A gun will seldom show fingerprints. The surface of a gun is treated to prevent rust. This also serves to resist fingerprints. Fingerprints carry moisture and salt which serve to corrode metal. Twenty years ago, a firearms company’s advertising stressed that its products were proof against fingerprints and this was taken as directed to criminal use. Fingerprints have been taken from guns, sometimes from the internal surfaces of gun and sometimes from cartridges. In one case a cartridge case did not show fingerprints, but after being heated the salts left by the shooter’s finger created a print that was sufficient for a conviction.

DNA (of course)

DNA comes into play; of course. It is caught in the grips of guns and the sharp edges of internal parts and magazines take their own samples. The Colt 1911A1 is infamous for “hammer bite.” On recoil the hammer takes a bite out of the web between the thumb and forefinger. This can identify a person who has fired a gun and link him to the gun used. It does not always happen. Backblast from the shot leaves DNA on the shooter at close range.


When police have a shooter and a gun in hand the forensic examination will be limited. In one case a citizen fired nine rounds from his SKS rifle at an intruder. Six rounds struck the intruder. Confronted with an empty 10-round SKS rifle the investigators did not look for the remaining bullets and did not even find three cartridge cases a few feet from the other six cases in the defendant’s living room. 4 The CSI team will not be called to collect every hair and fiber. If they did in reality what they do on that show, their budget would last about a week.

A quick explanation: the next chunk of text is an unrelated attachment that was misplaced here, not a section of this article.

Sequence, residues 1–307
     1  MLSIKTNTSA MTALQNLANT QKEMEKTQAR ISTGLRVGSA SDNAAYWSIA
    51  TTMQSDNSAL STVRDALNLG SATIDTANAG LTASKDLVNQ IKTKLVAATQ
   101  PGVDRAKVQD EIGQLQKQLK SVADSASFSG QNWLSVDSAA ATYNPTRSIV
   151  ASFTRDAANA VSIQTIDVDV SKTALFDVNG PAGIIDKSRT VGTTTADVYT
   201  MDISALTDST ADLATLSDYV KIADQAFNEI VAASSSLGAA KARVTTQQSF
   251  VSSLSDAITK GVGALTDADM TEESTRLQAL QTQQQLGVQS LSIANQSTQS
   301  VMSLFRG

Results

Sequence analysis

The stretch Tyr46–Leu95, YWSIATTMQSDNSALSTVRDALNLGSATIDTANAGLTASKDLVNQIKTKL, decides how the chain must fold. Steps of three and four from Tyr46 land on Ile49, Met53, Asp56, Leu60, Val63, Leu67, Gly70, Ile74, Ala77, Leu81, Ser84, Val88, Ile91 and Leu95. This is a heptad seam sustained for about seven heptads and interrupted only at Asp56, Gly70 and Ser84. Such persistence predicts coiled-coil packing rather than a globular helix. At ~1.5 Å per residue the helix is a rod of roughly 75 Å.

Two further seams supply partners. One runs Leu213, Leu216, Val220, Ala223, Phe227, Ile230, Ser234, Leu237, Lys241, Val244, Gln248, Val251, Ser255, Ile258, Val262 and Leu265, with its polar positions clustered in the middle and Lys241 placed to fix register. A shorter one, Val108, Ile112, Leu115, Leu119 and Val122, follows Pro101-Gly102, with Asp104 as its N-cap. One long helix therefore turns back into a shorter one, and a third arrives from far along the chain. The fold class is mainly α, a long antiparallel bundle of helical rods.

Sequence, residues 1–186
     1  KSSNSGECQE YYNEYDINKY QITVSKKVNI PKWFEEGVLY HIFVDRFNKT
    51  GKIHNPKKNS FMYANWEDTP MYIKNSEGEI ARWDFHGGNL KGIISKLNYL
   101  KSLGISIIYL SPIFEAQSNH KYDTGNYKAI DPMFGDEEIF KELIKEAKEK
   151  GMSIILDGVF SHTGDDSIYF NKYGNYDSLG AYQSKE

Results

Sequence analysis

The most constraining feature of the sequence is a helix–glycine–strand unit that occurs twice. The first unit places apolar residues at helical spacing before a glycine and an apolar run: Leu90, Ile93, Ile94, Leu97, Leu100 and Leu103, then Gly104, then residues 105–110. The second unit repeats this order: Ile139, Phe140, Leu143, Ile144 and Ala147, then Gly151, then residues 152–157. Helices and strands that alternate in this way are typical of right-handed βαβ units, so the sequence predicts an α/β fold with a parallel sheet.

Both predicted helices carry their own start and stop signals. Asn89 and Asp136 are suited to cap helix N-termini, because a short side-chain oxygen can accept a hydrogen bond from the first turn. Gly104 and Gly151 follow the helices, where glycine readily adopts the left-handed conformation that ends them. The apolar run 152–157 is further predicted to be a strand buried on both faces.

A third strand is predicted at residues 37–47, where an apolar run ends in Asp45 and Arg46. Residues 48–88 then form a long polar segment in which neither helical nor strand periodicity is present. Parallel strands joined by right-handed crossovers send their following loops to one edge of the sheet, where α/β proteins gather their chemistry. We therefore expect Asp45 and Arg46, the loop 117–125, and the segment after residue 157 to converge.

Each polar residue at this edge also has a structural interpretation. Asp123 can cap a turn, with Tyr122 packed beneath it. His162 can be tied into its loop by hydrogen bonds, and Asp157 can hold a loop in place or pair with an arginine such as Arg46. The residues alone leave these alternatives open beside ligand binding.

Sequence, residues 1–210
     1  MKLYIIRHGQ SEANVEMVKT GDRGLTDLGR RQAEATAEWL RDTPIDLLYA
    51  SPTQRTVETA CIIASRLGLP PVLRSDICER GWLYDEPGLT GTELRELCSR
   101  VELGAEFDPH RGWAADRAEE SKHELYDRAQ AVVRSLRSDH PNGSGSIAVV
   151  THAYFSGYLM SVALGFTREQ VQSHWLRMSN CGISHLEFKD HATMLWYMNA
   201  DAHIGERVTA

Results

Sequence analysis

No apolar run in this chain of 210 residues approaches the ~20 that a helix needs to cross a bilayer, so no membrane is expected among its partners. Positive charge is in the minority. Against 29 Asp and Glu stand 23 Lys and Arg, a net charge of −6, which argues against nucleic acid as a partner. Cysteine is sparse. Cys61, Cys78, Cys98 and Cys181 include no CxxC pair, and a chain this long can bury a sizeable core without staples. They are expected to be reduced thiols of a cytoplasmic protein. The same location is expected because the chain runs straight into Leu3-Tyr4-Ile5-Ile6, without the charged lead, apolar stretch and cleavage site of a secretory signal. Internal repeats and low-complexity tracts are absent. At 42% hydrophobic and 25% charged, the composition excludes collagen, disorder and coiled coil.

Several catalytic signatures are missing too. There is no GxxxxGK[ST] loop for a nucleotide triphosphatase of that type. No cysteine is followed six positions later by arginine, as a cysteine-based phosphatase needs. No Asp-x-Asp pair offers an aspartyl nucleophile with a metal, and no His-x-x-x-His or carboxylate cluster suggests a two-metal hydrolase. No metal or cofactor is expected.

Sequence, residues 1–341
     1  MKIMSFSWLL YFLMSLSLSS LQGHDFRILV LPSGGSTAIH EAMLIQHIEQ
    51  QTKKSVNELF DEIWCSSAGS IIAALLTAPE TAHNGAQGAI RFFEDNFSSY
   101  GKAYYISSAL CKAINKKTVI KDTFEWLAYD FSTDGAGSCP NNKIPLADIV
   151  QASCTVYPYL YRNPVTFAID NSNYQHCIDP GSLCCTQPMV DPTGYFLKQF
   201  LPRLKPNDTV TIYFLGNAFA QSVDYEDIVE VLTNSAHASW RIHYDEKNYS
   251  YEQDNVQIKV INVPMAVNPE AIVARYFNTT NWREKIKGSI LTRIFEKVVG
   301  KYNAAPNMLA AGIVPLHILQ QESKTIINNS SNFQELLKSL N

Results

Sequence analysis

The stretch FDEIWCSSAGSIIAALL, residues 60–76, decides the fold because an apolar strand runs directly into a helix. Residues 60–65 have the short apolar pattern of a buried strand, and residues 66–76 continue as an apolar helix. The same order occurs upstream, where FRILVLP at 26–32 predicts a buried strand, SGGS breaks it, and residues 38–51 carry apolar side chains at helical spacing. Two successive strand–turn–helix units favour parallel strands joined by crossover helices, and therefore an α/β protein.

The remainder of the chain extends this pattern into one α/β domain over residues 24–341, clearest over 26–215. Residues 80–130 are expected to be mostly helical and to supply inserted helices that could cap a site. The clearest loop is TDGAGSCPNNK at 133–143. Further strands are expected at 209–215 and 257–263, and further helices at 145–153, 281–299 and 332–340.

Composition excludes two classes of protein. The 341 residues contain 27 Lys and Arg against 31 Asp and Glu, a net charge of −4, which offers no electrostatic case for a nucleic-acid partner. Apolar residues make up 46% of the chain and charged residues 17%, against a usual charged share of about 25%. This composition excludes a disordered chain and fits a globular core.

It is often necessary to bring in experts or investigators. In a couple of cases there was a dispute over where bullets landed. The defendant claimed they were warning shots, and the complaining thugs spun imaginative stories about hearing the whistle of bullets or having dirt kicked on them by the impact of bullets. Private investigators with metal detectors found the bullets exactly where the defendant said they would be. They were specifically instructed to cover the entire area and all uncovered bits of metal were displayed for the jury in clear evidence bags to prevent claims of planted evidence. 5